1. Mikari
    September 9, 2016 @ 11:56 am

    I use pre-made tools like that for work, since the whole point is to get it done asap and there’s no personal attachment. I build everything on my domain from “scratch” using only the bare basic tools (notepad) because I enjoy the process. Though I also use some tools for personal stuff, mainly art archive sites, such a Deviant Art and Word Press. Overall, both techniques have a place in my life and which one I consider to be “better” depends on the situation. I generally keep my domain DIY and use the “automatic” stuff for the purpose of displaying art and a comments section.

    I think the stigma developed because in the past, back when “page builder” was an insult (as opposed to designer) those pages actually were ugly and poorly made (and often full of huge ads). Content management scripts have evolved over time. Back then it was all very generic with few unique graphics and lacked good customization, but now-days you can add a surprising level of distinctiveness to a theme if you just take the time and pour in the creativity to fully customize it. That’s one thing that hasn’t changed, whatever route you take, you need to put in the time and creativity.

    It’s only a matter of time before the stigma is lost, at least I hope that it’s lost rather than shifting sides. After all, someone had to make the tools from scratch for them to exist, so there’s always a usefulness to leaning to code. You can make your own tools and modify existing open source tools to keep them relevant.


    • Adri
      September 10, 2016 @ 1:01 am

      I do stuff manually also as well. For me though, even though there is a new tool out that would make the building process a lot easier, a tool is simply a tool until you actually learn how to use it. And for me, I won’t be able to understand how to use a particular tool if I don’t know the original concepts behind the tool. For example, before I started using frameworks, I learned and built websites from scratch using HTML/CSS. It’s the same process with Ruby on Rails, where I first learned Ruby (the programming language) before I start to jump into Ruby frameworks like Sinatra and eventually, Rails. It would be like baking a chocolate cake, where you use the basic ingredients and follow the steps from the first to the next before you start getting into cake mixes and create the same thing. etc. etc.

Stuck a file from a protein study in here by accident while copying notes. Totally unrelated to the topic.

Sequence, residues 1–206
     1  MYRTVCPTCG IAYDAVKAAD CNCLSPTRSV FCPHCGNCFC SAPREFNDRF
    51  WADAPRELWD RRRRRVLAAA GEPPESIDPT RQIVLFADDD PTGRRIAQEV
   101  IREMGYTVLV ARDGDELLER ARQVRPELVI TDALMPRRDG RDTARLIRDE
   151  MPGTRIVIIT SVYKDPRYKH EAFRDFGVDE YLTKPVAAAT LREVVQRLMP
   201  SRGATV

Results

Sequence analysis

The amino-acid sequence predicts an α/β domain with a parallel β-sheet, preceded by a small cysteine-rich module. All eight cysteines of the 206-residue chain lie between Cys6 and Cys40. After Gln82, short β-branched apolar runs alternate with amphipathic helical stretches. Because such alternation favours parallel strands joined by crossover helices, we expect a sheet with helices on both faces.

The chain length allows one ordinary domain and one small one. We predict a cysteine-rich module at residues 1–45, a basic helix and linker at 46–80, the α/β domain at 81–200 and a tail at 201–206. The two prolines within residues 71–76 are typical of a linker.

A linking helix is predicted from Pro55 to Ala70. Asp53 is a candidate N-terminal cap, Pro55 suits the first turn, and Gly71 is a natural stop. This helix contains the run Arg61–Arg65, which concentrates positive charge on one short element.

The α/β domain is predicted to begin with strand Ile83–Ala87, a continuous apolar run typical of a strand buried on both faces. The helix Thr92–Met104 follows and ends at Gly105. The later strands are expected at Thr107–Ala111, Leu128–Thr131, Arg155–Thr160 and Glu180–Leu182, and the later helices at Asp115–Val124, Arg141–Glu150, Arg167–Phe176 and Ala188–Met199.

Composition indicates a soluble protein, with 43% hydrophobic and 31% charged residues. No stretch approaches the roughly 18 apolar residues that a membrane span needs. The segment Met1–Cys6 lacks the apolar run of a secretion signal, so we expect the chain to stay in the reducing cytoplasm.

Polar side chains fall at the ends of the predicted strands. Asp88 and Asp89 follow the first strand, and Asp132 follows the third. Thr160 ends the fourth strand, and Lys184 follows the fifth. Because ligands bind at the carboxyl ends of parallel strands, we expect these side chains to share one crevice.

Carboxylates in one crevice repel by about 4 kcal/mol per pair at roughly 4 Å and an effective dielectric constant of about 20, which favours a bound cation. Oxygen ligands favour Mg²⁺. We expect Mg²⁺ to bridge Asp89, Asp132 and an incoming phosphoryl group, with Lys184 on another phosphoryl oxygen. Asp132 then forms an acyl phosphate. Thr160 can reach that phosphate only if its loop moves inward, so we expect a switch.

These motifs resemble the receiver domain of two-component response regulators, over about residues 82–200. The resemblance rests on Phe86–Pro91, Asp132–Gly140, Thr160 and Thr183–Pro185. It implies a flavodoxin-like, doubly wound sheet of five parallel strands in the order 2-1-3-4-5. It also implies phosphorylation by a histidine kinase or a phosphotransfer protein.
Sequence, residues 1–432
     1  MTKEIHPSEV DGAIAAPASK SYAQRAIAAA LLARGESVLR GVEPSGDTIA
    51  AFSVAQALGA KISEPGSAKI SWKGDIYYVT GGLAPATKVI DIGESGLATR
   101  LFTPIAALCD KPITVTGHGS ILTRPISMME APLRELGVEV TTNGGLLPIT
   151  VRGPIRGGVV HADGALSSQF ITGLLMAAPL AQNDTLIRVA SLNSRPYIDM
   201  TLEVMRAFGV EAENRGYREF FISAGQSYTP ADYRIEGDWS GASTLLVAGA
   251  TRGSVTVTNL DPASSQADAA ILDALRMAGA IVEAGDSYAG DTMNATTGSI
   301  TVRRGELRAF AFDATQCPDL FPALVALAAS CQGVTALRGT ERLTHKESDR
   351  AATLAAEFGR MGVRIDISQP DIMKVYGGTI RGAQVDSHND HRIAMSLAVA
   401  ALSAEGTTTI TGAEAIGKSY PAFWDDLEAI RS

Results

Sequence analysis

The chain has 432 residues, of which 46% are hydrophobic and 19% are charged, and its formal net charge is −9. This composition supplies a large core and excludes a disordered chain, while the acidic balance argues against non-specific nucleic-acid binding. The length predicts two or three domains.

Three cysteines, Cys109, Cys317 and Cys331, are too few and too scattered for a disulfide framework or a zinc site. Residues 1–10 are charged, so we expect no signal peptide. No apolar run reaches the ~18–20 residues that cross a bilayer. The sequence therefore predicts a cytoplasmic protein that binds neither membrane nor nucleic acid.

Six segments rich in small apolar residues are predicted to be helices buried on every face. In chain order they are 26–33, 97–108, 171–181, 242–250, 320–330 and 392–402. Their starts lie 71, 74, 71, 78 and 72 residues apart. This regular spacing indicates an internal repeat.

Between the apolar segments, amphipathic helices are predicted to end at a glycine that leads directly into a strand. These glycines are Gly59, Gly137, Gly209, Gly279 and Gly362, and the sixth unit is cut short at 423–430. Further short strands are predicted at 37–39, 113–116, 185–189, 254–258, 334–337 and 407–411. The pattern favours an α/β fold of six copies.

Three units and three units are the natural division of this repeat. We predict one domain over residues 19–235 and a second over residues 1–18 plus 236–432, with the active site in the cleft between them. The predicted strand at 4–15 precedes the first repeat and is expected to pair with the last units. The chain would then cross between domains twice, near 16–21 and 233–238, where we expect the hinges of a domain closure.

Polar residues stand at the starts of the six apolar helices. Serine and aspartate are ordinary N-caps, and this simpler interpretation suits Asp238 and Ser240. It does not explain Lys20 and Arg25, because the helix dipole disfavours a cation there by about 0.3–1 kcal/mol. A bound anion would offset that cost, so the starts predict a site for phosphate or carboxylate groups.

Even though there are page builders or software similar to Adobe Dreamweaver, not everyone can make a grasp on actually building a website that is functional, cleaning, and eye-pleasing all at once. You can’t use a brand-new tool until you learn and understand the basics of building something out of scratch. It’s like with art and digital art. You won’t be able to create digital art using Photoshop (for example) without first learning the drawing/painting process using traditional methods. They may not be the same medium, but the idea and goal is the same.

      I have to really give credits to CSS3 for giving us a boost on designing a site that looks good without the over usage of images and “sliced” images (oh those were the days!), and of course, minimized the basic effects like rollovers and using custom fonts and everything else (in which Javascript was used to do rollovers and we can’t even use custom fonts back then too). I think now the only images that I use are the logo (sometimes) and the background image (optional). The rest of the images would be in blog entries (when applicable). That’s it!